The MEC for social development in KZN, Weziwe Thusi, has ordered a probe amid allegations of abuse and racism at Môrester Children’s Home in Ladysmith, KZN, Ladysmith Gazette reports.
The MEC has ordered a high-level investigation into allegations of widespread violations of the Children’s Act at the Môrester Child & Youth Care Centre in Ladysmith.
According to the press release, a preliminary investigation showed that some members of staff at the home have a case to answer.
The press release from the department of social development (DSD) stressed that the violations included physical, verbal, and emotional abuse as well as racism – including the use of the offensive “k-word” against both African children and members of staff.
While allegations have been reported at the Child & Youth Care Centre’s (CYCC) Ladysmith site, the department will investigate the Newcastle site as well.
Social workers removed 146 children from Môrester Ladysmith, from babies to 18-year-olds.
The department said the children had been placed in government-owned CYCCs, as well as ones funded by the state.
Later today, DSD head of department Nokuthula Khanyile will officially inform the centre of the investigation.
In the press release, MEC Thusi said: “I want to start by apologising to affected families who may have already heard about the operation in the media. Our intention was to prioritise the well-being of the children and then communicate with them through our normal channels, but our efforts were thwarted by those who think child protection is a tool to score political points.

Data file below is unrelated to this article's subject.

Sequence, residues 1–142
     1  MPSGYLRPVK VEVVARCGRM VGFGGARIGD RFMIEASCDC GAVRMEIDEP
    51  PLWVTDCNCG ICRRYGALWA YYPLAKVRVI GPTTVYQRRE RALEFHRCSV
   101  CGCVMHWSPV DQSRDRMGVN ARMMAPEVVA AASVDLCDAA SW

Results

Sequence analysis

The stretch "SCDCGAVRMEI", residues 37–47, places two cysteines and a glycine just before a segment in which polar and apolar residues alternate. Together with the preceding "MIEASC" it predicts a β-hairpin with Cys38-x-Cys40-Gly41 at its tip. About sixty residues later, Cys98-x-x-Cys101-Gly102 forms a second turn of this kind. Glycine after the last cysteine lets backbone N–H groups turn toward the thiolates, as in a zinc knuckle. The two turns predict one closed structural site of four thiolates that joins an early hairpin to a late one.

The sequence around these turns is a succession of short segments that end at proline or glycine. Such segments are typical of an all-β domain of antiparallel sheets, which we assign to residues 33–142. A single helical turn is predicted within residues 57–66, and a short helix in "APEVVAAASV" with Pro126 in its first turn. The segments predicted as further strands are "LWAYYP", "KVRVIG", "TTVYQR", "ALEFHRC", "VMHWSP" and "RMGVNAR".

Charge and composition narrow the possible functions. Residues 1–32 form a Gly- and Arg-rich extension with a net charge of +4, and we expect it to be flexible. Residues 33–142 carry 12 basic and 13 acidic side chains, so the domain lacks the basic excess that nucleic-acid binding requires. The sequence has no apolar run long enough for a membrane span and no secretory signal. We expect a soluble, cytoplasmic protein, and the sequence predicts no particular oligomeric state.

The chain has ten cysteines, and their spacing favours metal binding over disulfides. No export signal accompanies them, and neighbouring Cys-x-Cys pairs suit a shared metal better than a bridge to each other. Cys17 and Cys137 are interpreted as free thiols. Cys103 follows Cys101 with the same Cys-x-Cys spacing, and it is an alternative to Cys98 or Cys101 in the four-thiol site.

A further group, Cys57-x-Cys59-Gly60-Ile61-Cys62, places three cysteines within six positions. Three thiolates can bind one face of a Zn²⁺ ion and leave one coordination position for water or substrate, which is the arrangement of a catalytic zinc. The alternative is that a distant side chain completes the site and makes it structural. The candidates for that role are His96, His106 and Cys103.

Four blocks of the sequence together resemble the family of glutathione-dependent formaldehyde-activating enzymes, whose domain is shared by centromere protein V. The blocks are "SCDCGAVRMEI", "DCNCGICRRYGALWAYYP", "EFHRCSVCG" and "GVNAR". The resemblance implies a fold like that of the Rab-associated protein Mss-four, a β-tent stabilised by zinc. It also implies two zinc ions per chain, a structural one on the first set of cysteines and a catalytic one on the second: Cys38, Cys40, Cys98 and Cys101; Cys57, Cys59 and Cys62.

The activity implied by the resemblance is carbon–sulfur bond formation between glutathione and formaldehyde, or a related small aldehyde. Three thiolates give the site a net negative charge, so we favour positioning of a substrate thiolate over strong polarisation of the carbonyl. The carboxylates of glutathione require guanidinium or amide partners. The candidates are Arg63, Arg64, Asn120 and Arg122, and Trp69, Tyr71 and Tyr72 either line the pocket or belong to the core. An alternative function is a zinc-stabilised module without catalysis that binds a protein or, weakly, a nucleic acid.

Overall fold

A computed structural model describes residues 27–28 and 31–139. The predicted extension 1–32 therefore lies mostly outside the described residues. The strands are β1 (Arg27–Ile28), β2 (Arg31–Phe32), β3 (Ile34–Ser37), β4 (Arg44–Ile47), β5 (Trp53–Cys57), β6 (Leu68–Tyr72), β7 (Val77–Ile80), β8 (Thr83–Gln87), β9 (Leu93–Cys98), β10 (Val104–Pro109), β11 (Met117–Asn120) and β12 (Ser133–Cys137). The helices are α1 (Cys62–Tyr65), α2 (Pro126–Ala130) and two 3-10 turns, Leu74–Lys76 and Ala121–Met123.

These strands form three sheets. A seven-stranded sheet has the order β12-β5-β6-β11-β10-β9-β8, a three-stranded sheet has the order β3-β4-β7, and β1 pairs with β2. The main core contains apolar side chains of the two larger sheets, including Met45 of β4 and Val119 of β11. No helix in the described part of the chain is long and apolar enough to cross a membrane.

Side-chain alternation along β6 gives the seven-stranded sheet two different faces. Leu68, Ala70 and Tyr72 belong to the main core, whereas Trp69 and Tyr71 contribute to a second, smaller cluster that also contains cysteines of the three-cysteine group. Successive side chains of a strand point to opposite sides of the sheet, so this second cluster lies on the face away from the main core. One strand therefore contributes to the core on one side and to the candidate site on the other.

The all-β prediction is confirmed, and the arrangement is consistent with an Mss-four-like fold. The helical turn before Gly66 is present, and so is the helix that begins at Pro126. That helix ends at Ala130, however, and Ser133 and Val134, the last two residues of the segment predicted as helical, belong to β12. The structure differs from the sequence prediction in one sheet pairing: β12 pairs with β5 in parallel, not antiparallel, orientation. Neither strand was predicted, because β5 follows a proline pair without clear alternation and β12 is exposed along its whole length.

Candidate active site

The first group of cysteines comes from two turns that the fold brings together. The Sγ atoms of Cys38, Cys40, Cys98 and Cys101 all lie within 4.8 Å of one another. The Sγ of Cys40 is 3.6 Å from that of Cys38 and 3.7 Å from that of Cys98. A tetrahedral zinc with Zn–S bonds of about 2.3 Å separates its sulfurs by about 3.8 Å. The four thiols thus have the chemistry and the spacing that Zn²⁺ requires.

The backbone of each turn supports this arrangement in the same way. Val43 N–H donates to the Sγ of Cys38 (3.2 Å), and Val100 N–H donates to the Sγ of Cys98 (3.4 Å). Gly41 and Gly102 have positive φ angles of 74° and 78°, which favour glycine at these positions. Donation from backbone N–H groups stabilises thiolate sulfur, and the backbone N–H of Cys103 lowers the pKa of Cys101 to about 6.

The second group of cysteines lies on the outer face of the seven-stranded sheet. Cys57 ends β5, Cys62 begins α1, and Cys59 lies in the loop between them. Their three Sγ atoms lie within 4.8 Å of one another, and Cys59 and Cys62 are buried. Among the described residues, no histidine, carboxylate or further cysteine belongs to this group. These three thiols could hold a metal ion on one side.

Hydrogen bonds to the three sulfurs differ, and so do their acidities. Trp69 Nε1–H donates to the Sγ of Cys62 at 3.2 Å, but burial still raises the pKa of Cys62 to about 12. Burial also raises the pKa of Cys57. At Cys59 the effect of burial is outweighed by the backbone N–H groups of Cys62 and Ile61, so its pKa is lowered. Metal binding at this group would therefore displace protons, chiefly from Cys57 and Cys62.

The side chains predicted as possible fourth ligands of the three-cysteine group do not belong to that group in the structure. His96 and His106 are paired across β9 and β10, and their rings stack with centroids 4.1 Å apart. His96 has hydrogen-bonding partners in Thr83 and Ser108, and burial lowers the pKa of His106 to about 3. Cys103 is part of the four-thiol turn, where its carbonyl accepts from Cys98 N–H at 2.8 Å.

“I want to emphasise that as this department, we are mandated by the Constitution and the Children’s Act to protect children and it’s a mandate that we take very seriously. We will investigate allegations of any form of child abuse without any fear or favour, even in child and youth care centres.
“Government funds Môrester to the tune of just over R5 million to ensure the well-being of these vulnerable children. We will not stand by when we learn that the money is possibly used to further traumatise the same children who are in need of care and protection.”
Reverend Gerhard Botha, CEO of KZN Christian Social Services, commented on the matter: “I will be very surprised if these allegations are true, because it is totally against everything we stand for. However, we are willing to cooperate with any investigation in this regard.”
He added that they stood firm on the point that it was not necessary to remove the children; other measures could have been taken and the children could have stayed at the home.